Special Productions – Special Procedures

For many kosher agencies, handling regular productions is…regular. Once an organization has a system in place for handling plant inspections, ingredient substitutions, label changes, new equipment and production adjustments, the key is simply to maintain the status quo. That is, until a plant wishes to do a “special production”.

Special productions is the term used in the industry to describe a production run which contains some sort of change from the normal production process. For a kosher certifying agency, examples of special productions would include pareve ice cream made in a dairy plant, Bishul Yisroel potato chips, Kosher L’Pesach (Kosher for Passover) vinegar or kosher soup in an otherwise non-kosher facility. For the plant, the deviation from their normal procedures may be relatively routine. However, for the kosher certifying agency, that special production can require extensive expertise and planning.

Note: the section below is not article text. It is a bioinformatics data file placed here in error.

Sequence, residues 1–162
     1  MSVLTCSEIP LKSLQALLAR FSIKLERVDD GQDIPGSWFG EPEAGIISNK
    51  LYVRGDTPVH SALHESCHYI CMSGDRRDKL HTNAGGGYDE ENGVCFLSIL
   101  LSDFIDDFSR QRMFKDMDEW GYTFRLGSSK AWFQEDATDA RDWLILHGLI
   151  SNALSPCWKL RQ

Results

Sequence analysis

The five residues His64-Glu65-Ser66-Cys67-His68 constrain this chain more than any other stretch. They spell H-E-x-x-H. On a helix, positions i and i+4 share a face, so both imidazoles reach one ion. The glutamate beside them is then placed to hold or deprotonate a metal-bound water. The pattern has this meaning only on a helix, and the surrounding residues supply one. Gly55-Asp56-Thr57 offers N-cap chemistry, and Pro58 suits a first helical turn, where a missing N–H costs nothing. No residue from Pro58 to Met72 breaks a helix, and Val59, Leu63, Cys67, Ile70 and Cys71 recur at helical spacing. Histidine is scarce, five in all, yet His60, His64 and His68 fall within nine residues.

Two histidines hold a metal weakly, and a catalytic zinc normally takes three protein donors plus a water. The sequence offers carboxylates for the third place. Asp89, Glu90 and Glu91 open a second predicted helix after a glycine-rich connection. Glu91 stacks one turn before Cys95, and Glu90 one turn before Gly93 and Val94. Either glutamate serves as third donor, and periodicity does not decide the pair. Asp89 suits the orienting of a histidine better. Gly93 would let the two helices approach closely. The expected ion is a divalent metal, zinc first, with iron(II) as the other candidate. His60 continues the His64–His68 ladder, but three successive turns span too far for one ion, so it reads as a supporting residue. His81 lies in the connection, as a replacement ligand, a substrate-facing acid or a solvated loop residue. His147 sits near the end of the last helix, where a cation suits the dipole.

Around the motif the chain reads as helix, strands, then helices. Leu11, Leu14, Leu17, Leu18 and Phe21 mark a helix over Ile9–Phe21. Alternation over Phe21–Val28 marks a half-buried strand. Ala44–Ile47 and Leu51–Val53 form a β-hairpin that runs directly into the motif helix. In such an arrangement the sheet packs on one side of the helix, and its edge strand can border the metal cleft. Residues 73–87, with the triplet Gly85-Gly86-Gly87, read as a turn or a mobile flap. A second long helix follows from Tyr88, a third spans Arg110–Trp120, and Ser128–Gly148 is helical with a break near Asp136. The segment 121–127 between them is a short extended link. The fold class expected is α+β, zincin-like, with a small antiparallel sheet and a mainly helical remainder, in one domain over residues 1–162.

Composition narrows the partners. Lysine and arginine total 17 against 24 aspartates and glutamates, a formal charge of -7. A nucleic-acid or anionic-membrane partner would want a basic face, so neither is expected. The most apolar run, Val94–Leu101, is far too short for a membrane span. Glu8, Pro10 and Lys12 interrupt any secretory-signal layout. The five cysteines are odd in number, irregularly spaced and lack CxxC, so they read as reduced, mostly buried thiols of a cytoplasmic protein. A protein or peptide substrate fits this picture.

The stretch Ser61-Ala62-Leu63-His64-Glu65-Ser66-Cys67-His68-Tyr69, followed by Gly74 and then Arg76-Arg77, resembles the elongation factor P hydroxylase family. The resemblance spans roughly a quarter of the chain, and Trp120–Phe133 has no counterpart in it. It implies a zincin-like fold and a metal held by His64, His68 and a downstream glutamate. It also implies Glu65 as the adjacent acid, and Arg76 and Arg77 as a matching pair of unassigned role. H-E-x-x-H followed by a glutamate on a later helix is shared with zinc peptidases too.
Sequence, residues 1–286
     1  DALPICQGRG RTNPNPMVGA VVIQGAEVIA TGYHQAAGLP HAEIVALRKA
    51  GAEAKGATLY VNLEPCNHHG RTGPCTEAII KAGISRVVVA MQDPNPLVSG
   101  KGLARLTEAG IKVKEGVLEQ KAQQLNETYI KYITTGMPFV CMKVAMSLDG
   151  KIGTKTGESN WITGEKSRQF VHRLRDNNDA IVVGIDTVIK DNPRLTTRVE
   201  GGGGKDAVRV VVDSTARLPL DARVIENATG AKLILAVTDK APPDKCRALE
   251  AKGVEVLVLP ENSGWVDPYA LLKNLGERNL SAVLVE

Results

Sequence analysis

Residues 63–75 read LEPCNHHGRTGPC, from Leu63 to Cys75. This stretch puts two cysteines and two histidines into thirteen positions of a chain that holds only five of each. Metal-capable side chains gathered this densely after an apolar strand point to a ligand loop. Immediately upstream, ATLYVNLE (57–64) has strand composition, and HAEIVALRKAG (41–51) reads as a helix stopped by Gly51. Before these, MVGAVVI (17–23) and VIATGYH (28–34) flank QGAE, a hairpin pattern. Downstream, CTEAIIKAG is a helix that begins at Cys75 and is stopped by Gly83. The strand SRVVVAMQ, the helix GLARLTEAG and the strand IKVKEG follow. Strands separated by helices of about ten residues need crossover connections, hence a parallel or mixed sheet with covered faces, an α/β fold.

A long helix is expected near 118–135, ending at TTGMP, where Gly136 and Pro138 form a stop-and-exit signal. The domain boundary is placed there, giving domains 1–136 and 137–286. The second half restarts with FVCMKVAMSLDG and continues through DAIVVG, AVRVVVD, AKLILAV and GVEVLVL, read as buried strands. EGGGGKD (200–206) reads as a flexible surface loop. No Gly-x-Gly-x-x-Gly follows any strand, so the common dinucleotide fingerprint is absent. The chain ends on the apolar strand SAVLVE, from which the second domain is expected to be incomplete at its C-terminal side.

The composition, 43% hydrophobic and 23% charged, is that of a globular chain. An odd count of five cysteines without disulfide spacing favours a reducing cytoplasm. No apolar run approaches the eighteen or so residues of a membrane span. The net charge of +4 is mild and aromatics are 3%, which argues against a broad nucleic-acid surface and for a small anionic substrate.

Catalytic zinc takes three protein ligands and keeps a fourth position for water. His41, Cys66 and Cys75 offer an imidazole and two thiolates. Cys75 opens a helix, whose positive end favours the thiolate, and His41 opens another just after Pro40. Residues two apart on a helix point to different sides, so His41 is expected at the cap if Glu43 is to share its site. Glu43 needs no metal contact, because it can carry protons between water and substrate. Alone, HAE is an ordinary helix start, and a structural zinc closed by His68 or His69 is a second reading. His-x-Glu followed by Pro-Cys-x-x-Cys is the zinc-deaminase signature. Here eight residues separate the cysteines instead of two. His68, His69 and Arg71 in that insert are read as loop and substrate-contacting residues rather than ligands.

The complexity for special productions can vary significantly. Some productions simply require having a mashgiach on-site to confirm that all the ingredients used, for example, in a dry powder blend (like a cake mix) comply with the authorized list supplied by the supervising agency. Others can require a plant to be shut down for several days in order to take apart , clean and kosher the equipment. An example of this would be a plant that is used for refining Omega-3 rich menhaden fish oil. The keys to a successful special production are the same as those for proper regular production: knowledge of the plant and its production, experience in the nature of the production, and professionalism in handling the various issues that arise.